•”In care of” means that if you happen to have someone or an organization who is better prepared to receive mail than you. Any correspondence can be sent to this address instead of your actual address. Use the phrase c/o, or care of, to address a letter sent in the care of another person. Write the recipient’s name on the first line, then write c/o and the name of the person who is responsible for conveying that letter to the recipient on the second line. This is generally used when using a lawyer or an immigration assistance organization to file for Deferred Action.
•아니면 그냥 blank로 놔 두세요.
Item Number 2.a. – 2.i. Mailing Address. Provide the mailing address of the principal immigrant.
Item Number 3. Country of Citizenship or Nationality. Provide the country of citizenship or nationality of the principal immigrant.
Item Number 4. Date of Birth. Provide the date of birth of the principal immigrant in mm/dd/yyyy format.
Item Number 5. Alien Registration Number (A-Number) (if any). An Alien Registration Number (A-Number) is a number assigned by the former Immigration and Naturalization Service (INS) or U.S. Citizenship and Immigration Services (USCIS). People with A-Numbers can locate the number on their INS or USCIS-issued documentation. If the intending immigrants you are sponsoring have not previously been in the United States or have only been in the United States as tourists, they may not have A-Numbers.
•These are basic questions concerning the person immigrating. If the immigrant hasn’t been assigned an A-Number or a Social Security Number, leave these blank.
Item Number 6. USCIS ELIS Account Number (if any). If the principal immigrant has previously filed an application, petition, or request using the USCIS Electronic Immigration System (USCIS ELIS), provide the USCIS ELIS Account Number they were issued by the system. The USCIS ELIS Account Number is not the same as an A-Number. If they were issued a USCIS ELIS Account Number, enter it in the space provided. Item Number 7. Daytime Telephone Number. Provide a daytime telephone number with area code for the principal immigrant.
•If the principal immigrant has previously filed an application, petition, or request using the USCIS Electronic Immigration System (USCIS ELIS), provide the USCIS ELIS Account Number they were issued by the system. The USCIS ELIS Account Number is not the same as an A-Number. If they were issued a USCIS ELIS Account Number, enter it in the space provided.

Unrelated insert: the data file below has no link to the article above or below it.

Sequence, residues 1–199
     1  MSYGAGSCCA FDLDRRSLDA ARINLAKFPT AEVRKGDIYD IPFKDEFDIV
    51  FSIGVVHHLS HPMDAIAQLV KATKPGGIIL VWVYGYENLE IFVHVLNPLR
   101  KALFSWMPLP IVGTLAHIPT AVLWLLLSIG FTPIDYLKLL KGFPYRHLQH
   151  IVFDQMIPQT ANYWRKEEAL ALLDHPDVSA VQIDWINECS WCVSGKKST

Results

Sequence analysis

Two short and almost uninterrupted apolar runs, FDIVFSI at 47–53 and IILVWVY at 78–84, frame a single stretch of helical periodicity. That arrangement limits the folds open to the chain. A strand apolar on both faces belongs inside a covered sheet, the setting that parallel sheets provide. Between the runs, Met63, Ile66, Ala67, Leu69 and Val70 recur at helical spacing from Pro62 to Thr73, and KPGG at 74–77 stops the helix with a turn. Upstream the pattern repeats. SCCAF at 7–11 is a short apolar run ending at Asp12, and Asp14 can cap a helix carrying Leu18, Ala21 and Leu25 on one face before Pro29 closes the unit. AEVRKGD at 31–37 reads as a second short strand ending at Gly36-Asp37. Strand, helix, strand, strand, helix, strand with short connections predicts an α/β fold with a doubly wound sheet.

Part 3 – Information About the Immigrants you are Sponsoring
•Part 3 asks for information about the Principal Immigrant. This is the primary immigrant in the immigration case. Again, if a mother was immigrating with children, the mother would be the Principal immigrant.
Alien Registration Number. This number refers to a identification number issued by the immigration authorities. You will need to check with the individual to see if she has an alien number.USCIS ELIS number. This refers to an online filing system that is currently available for only limited types of immigration applications. In most circumstances the Principal Immigrant will not have an ELIS number. Note that the ELIS number is not the same as the Alien Registration Number.
In Part 3 you state which individual or individuals you are choosing to sponsor. You may have been requested to sponsor only the Principal Immigrant, or you may have been requested to sponsor additional individuals(동반자녀?) immigrating with the Principal Immigrant.
Note that there’s a place to list children. You don’t need to name children who were born in the United States, because the sponsor has no obligation to promise to support them (at least not under the immigration laws, though the children will be counted elsewhere within this form to test the sponsor’s overall financial capacity).
Item Number 1.
•In most circumstances you will answer “yes” to question 1. You would answer “no” only if there were two or more Joint Sponsors, and you were not sponsoring the Principal Immigrant.
•Indicate whether you are sponsoring the principal immigrant listed in Part 2. of Form I-864. Select “No” if you are sponsoring only intending immigrants listed in Part 3.,
•Item Numbers 3.a. – 27. and not the principal immigrant listed in Part 2. This only applies if you are sponsoring family members(동반자녀?) in Part 3. as the second joint sponsor.
•2 부모님이 동시에 들어가니까 2번에도 체크를 해야하는건가요? 아님 별도로 864 작성하니까 체크하지 말아야하나요?
답변>>1번은 Yes 하고 2번은 서류가 따로 들어가니까 안적는 것입니다. (Do not include any relative listed on a separate visa petition)
•조인트 스폰서는 같이 살 필요가 없습니다. 그리고 별도의 i864를 작성합니다.(i864a는 household member가 sponsor하는 경우에 작성합니다). 남편과 동생분은 각각 i864를 작성해야 합니다. 남편은 ‘petitioner’로서 기본적으로 i864를 작성해야 하며, 남편 동생분은 다른 joint sponsor가 없을 경우 ‘sole joint sponsor’로서 표기하도록 i864 form에 나와 있을 것입니다. 남편분은 I-864 서류상에 Petitioner box에 체크하시면 되고 시동생분은 I am the only joint sponsor 박스에 체크하시면 됩니다.